weather icon Mostly Cloudy
RJ App
Vegas News, Alerts, ePaper

Judge dismisses murder charge

A murder indictment for a man accused of killing his estranged wife was dismissed Tuesday after a district judge ruled a grand jury considered a confession coerced by Las Vegas police.

Judge James Bixler said the confession Francisco Vazquez-Rosas gave to detectives after a 10-hour long interrogation was “coerced involuntarily” and violated the 26-year-old’s Fifth Amendment rights.

“As a result, the court finds that the objectivity of the grand jury process was both tainted and overpowered by the presentation of the defendant’s coerced confession,” Bixler’s ruling stated.

Authorities allege Vazquez-Rosas choked his wife, Teresa Guzman, to death on Dec. 13, 2008, after an argument over their extramarital affairs and her desire to leave Las Vegas with their three children. Police believe Guzman’s body ended up in a trash bin that was taken to the Apex landfill and probably will never be found.

Prosecutors had argued that even without the confession, there was sufficient evidence presented to the grand jury to sustain the murder indictment against Vazquez-Rosas, according to court records.

Vazquez-Rosas’ children, both under 7 years old at the time of the alleged incident, testified before the grand jury that they saw him kill their mother and dump her body in a trash bin, according to court records.

Chief Deputy District Attorney Christopher Lalli said the prosecution plans on appealing Bixler’s decision to the Nevada Supreme Court.

Meanwhile, Bixler decided to stay his order of dismissal for one week to keep Vazquez-Rosas in custody while prosecutors prepare documents toward the appeal.

Vazquez-Rosas is in the United States illegally and would face deportation upon his release from jail.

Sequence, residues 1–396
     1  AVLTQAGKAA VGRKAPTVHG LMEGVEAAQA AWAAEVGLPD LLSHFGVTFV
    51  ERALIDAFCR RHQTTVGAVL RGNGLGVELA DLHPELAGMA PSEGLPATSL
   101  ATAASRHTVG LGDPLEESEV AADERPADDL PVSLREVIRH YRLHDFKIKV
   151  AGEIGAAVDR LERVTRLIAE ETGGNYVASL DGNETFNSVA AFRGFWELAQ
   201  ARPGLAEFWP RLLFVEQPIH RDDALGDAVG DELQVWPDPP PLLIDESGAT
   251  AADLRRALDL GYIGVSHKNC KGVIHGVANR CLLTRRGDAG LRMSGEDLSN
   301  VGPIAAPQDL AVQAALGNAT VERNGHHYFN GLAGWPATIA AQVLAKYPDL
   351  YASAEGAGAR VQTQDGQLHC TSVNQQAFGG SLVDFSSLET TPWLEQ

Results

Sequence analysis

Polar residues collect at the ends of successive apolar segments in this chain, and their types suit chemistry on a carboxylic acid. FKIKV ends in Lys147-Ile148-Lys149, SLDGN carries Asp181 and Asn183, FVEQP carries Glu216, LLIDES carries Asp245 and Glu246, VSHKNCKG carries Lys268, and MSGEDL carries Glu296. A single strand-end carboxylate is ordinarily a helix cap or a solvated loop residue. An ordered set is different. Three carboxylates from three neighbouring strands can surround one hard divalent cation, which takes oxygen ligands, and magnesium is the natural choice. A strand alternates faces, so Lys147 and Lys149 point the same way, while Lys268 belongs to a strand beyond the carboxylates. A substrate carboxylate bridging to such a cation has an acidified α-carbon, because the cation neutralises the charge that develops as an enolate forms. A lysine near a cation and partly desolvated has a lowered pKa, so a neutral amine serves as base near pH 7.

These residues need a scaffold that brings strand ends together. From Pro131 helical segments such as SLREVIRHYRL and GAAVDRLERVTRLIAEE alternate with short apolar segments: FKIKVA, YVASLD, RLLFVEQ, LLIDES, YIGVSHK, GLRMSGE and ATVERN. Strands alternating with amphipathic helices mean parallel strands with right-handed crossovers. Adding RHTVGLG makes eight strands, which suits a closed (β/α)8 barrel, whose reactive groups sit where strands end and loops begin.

If he is released and deported, prosecutors are concerned they will have missed their chance to try him on the murder charge.

After the hearing, Vazquez-Rosas’ attorney, public defender Dan Silverstein, called Bixler’s dismissal of the indictment, “really the only just thing to do.”

Silverstein said the interrogation methods used by detectives against his client, “belong in Saudi Arabia, not in the United States.”

And, without the coerced confession, Silverstein said prosecutors don’t have any substantial evidence against Vazquez-Rosas.

Silverstein has previously questioned the veracity of the children’s statements because of their youth and that one has changed her story at least once to say her mother was alive.

Family members have told police they have not heard from Guzman since she went missing in December 2008.

Vazquez-Rosas is being held without bail at the Clark County Detention Center.

Contact reporter Francis McCabe at fmccabe@reviewjournal.com or 702-380-1039.

Don't miss the big stories. Like us on Facebook.
Trump becomes first president ever indicted on federal charges

The indictment carries unmistakably grave legal consequences, including the possibility of prison if Trump’s convicted. And it comes as the 2024 campaign grows.